Research ArticleInfectious Disease

RNAi-based treatment of chronically infected patients and chimpanzees reveals that integrated hepatitis B virus DNA is a source of HBsAg

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Science Translational Medicine  27 Sep 2017:
Vol. 9, Issue 409, eaan0241
DOI: 10.1126/scitranslmed.aan0241

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How hepatitis hangs around

Hepatitis B virus (HBV) infects the liver, and chronic infection can lead to cirrhosis or cancer. Wooddell et al. report the results of a phase 2 trial of a drug based on RNA interference, which was unable to reduce viral burden in certain subsets of patients. To determine the mechanism of this variable response, the researchers examined chronically infected chimpanzees that had been treated with the drug. They found evidence that viral antigen was being produced from integrated HBV transcripts that did not harbor the target sequence. This study uncovers a previously unappreciated source of viral antigen, which could inform disease pathogenesis and help guide development of future HBV treatments.

Abstract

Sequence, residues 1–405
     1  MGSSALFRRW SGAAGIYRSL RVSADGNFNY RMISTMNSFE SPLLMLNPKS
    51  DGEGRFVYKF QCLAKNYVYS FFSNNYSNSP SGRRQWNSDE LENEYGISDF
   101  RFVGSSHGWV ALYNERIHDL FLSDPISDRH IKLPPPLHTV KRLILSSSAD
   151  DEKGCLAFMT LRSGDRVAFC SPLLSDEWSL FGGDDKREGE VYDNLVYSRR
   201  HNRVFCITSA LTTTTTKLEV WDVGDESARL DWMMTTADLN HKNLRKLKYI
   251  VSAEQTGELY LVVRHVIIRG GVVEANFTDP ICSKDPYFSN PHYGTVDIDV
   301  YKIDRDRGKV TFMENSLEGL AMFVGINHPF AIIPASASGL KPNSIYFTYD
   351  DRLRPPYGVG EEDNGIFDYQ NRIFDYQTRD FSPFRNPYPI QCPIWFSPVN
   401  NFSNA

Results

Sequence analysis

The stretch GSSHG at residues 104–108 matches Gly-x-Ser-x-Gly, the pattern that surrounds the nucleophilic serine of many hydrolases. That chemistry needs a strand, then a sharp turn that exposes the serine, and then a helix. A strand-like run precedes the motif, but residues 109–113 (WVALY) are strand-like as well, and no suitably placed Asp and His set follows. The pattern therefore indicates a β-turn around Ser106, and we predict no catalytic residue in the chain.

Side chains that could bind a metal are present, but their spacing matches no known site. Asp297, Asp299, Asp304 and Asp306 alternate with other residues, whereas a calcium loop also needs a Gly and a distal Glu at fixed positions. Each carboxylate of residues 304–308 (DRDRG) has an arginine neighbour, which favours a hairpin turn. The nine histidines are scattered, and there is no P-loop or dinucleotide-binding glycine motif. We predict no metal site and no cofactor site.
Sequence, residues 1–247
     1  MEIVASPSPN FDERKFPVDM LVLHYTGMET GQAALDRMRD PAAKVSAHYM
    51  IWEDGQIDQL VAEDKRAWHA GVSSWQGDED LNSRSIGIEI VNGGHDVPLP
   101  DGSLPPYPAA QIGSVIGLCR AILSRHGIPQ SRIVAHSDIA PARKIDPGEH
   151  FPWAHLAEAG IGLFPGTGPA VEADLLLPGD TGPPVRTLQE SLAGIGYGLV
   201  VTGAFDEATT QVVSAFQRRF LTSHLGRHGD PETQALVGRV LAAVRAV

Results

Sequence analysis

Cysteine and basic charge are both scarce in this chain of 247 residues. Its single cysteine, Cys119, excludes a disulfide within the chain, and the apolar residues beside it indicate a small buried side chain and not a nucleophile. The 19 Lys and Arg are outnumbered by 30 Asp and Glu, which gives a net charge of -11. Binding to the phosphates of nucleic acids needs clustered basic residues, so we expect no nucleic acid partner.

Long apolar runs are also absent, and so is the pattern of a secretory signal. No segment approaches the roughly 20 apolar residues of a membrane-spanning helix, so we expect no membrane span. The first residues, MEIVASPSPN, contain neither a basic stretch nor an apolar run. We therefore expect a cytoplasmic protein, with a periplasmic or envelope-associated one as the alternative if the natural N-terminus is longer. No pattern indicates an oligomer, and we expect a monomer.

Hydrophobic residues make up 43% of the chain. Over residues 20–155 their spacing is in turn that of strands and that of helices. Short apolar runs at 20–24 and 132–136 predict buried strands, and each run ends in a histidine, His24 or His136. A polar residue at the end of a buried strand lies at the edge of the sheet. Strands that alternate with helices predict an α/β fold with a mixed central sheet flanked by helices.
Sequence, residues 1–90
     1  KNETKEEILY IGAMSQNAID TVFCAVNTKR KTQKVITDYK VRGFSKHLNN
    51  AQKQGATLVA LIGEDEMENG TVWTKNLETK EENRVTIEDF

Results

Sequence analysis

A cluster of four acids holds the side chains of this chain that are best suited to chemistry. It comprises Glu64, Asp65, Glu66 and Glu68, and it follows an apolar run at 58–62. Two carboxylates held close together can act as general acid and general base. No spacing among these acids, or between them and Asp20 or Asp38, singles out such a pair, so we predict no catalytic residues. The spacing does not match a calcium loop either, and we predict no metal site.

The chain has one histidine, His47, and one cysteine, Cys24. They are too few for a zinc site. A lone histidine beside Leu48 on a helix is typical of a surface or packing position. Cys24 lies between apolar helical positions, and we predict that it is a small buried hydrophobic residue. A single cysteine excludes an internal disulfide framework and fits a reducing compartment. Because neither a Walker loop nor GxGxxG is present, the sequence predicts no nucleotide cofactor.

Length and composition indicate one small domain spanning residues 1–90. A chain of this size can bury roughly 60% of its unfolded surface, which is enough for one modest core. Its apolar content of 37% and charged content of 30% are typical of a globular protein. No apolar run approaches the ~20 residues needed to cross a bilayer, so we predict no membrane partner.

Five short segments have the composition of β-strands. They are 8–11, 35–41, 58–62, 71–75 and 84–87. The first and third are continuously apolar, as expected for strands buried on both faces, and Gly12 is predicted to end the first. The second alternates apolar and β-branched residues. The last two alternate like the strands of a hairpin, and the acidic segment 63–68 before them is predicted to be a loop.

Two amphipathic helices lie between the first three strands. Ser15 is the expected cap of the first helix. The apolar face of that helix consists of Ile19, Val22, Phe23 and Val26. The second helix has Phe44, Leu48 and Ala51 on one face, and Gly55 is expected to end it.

Chronic hepatitis B virus (HBV) infection is a major health concern worldwide, frequently leading to liver cirrhosis, liver failure, and hepatocellular carcinoma. Evidence suggests that high viral antigen load may play a role in chronicity. Production of viral proteins is thought to depend on transcription of viral covalently closed circular DNA (cccDNA). In a human clinical trial with an RNA interference (RNAi)–based therapeutic targeting HBV transcripts, ARC-520, HBV S antigen (HBsAg) was strongly reduced in treatment-naïve patients positive for HBV e antigen (HBeAg) but was reduced significantly less in patients who were HBeAg-negative or had received long-term therapy with nucleos(t)ide viral replication inhibitors (NUCs). HBeAg positivity is associated with greater disease risk that may be moderately reduced upon HBeAg loss. The molecular basis for this unexpected differential response was investigated in chimpanzees chronically infected with HBV. Several lines of evidence demonstrated that HBsAg was expressed not only from the episomal cccDNA minichromosome but also from transcripts arising from HBV DNA integrated into the host genome, which was the dominant source in HBeAg-negative chimpanzees. Many of the integrants detected in chimpanzees lacked target sites for the small interfering RNAs in ARC-520, explaining the reduced response in HBeAg-negative chimpanzees and, by extension, in HBeAg-negative patients. Our results uncover a heretofore underrecognized source of HBsAg that may represent a strategy adopted by HBV to maintain chronicity in the presence of host immunosurveillance. These results could alter trial design and endpoint expectations of new therapies for chronic HBV.

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